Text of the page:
Drop Dead Healthy

8570787Many of us would like to be healthy – as long as it doesn’t take too much work.  In “Drop Dead Healthy,” A.J. Jacobs spends more than two years striving for bodily perfection and then writing a book about his quest.  No stone is left unturned (the Caveman Workout), no spice is left unsniffed (The Quest to Smell Better), and no toxin is left to poison the house (The Endocrine System).  In the end, he settles into a new, healthier lifestyle that suits his schedule.  Fortunately, Jacobs allows us to share the journey with its (often) humorous and (sometimes) poignant results.

Each month – and each chapter – is devoted to getting one part of Jacobs’ body as healthy as possible.  Researchers tell us that it takes between 21 and 66 days to make a new behavior habitual, so focusing on one area for a month at a time allowed Jacobs to begin new behaviors without feeling overwhelmed.  Of course, by the end of the book, he has so many new habits that he spends all day trying to eat, exercise, and work in healthy ways.  That doesn’t leave much time for his family, although Jacobs incorporates them into various parts of his quest: doing arm curls using a son as the weight and taking his wife to various exercise classes with him.

For “Drop Dead Healthy,” Jacobs had a panel of “experts” to help him decide which leads to pursue.  He also read voraciously and references many of the books in his book.  He even spent time exploring the fringes, those things with dubious value, and trying a few of them.  In general he tries to stick with diet and exercise that has general medical support.  Jacobs includes several appendixes in which he tells what works for him and what is he trying to continue.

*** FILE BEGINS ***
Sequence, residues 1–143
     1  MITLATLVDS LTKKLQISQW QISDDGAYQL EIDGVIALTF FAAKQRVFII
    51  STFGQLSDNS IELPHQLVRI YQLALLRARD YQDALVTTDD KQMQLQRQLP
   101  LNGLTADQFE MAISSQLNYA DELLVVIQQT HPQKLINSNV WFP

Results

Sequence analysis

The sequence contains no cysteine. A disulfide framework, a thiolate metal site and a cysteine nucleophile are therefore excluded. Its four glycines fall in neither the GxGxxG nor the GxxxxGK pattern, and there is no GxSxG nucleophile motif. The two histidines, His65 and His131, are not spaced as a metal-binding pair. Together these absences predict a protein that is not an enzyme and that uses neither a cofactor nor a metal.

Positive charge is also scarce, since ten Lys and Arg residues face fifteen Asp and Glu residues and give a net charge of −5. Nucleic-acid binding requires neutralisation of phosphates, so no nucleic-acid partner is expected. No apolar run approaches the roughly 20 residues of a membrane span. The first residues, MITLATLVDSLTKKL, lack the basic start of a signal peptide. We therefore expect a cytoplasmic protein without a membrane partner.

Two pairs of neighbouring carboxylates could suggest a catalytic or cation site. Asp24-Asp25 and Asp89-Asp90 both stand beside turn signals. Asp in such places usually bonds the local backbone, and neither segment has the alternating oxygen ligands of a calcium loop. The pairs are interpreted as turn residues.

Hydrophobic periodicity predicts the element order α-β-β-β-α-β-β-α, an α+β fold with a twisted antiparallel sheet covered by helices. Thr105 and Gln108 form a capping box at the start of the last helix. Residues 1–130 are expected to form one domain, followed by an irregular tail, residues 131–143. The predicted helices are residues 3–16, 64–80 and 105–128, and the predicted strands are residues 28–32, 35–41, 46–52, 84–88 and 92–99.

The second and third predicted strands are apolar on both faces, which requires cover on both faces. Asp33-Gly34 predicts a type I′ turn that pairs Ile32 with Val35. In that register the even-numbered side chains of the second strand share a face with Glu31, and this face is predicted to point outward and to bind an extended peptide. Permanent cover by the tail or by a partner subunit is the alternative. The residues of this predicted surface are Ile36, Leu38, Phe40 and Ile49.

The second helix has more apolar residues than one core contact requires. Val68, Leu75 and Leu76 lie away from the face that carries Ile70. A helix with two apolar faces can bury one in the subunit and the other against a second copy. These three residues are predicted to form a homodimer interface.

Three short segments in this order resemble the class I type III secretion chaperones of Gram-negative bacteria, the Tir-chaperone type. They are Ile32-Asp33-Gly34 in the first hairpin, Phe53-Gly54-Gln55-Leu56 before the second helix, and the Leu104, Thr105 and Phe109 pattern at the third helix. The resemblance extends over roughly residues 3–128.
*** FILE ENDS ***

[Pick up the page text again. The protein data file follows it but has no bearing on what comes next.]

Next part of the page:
imagesI have read all of A.J. Jacobs books and find him to be wonderfully humble and honest about his life and the things he does to himself and his family.  My favorite thing about his books is his sense of humor.  He is willing to look ridiculous to prove (or disprove) something and he writes about it so that we can all relate to him.  Although his wife, Julie, doesn’t write in the book, she makes herself heard as the voice of reason married to a slightly kooky husband.  I also enjoyed the responses of his young sons on some of the experiments Jacobs tried.

If you would like to be healthier, “Drop Dead Healthy” is a wonderful, humorous and surprisingly helpful and encouraging book.